Overall, some of the key advantages that enterprises are

eyeing include quicker turn around time so that there is no need to wait to

access data till connected by wires; increased productivity by making the same

team do more work by giving them relevant information real-time; and faster

decision making by making critical information available real-time. Besides, a

mobile enterprise can benefit from drastic reduction in staff travel time and

cost, and drop in expense from long-distance calls. Not to forget improved

customer service, as information would be available to the salesmen on the fly.

Eternal Worries: RoI & Security

While there is no dearth of applications and the inherent need also makes a

strong business case for adoption, back-end infrastructure, security, cost and

lack of availability of services from operators continue to be issues with

enterprises in India.

SR Balasubramanian, VP, Information System, Hero Honda,

provides an insight into some of the specific challenges from a CIO's point of

view. He says that the main concern is with respect to security, as enterprises

fear loss of control and leak-out of sensitive corporate information to

competitors. The next challenge, according to him, is the back-end integration

with applications: "It should be seamlessly integrated and not limited to

data passing and extraction, and this requires suitable planning. Atanu Mandal

of ACL Wireless agrees that the most common challenges faced by enterprises are

issues like back-end integration and security, along with cost of devices, which

is a big issue for GPRS-based enterprise application deployment.

RoI is another crucial challenge that enterprises are faced

with, considering that the market is still too young for them to be able to

conduct a detailed RoI study and analysis.

Akhil Pandey, head of department-IT at NDPL, adds another

perspective to the mobility challenge in terms of disaster recovery for mobile

devices, as most people lose data every time the mobile device crashes. Also,

physical security of mobile devices is very difficult to ensure.

The challenges and limitations as expressed by many a CIO and

business leader can be summed as:

  • Reliability/Quality of service- Mobile operators do not

    offer stringent SLAs in India. The current focus of mobile operators is

    consumers and not enterprises.

  • Support- High quality support is essential for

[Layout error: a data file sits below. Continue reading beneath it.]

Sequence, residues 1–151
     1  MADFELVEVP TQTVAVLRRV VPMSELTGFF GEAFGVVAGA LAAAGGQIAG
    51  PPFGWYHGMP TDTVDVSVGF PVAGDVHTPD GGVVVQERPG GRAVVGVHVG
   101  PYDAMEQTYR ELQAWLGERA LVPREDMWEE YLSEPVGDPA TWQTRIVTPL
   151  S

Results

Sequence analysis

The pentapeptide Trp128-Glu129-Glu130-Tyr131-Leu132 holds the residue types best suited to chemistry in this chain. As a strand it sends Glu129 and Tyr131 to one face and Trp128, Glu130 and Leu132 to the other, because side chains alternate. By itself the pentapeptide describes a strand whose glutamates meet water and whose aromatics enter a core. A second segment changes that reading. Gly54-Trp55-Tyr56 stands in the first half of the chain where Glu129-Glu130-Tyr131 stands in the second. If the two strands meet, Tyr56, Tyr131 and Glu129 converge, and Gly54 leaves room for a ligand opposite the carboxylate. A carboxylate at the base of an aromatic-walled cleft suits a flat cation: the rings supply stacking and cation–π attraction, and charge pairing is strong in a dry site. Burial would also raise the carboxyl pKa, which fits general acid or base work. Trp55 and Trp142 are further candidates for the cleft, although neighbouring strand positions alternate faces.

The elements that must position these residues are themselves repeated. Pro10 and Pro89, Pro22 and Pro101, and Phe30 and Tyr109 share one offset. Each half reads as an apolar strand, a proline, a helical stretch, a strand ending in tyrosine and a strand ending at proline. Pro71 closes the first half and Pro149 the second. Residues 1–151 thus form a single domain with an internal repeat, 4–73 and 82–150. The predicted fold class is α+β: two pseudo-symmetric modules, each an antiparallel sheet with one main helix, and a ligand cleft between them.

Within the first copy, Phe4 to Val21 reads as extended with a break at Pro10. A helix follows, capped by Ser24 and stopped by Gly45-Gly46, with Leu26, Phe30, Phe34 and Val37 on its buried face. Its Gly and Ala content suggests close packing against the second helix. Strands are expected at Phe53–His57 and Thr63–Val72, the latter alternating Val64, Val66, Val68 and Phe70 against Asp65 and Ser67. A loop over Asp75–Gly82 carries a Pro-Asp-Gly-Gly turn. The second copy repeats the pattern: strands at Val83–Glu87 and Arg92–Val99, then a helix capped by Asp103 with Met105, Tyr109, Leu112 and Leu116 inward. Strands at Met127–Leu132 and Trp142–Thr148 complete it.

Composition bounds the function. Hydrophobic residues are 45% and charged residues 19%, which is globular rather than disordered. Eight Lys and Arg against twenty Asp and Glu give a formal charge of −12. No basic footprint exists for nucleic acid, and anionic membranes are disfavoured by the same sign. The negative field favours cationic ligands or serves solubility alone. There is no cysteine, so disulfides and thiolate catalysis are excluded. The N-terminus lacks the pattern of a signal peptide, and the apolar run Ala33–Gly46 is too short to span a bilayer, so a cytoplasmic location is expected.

enterprises. Unfortunately, not many service providers in India offer that

  • Level of understanding of IT- backend with mobile


  • Mobile operator specific services- A few mobile operators

    offer good service but only limited to their network. Hence, lack of

    operator-neutral services is a big limitation.

  • Rapidly changing technologies

The Device Factor

While building mobile applications one cannot lose sight of the devices,

which form an integral part. According to Bakshi, the entire gamut of devices

ranging from laptops to PDAs, mobile phones, mobile phone cum PDAs, are going to

co-exist in the mobility ecosystem of an enterprise, and the extent of their

usage and popularity will be determined by the nature of the application. For

instance, laptop will be more suitable for applications like making

presentations and for working on very document-intensive applications. Whereas,

a mobile phone and PDA will be suitable where one just needs to keep in regular

touch with emails and basic information, as well as for SFA kind of applications

wherein it might be cumbersome for the sales staff to tag along the laptop.

Mobile phones do command an edge, in terms of popularity, owing

to the cost as well as the wider-reach factor. Overall, as Subramanyam points

out, a device which does not weigh much, is very portable and mobile, can fit

into the pocket of an individual, has a reasonably sized display and is

readable, is integrated with a phone and a keypad, and does not cost much, would

be the best form factor for powering mobile solutions.

But, it is the cost of devices along with the business case for

applications and RoI, that will ultimately determine the pace of adoption among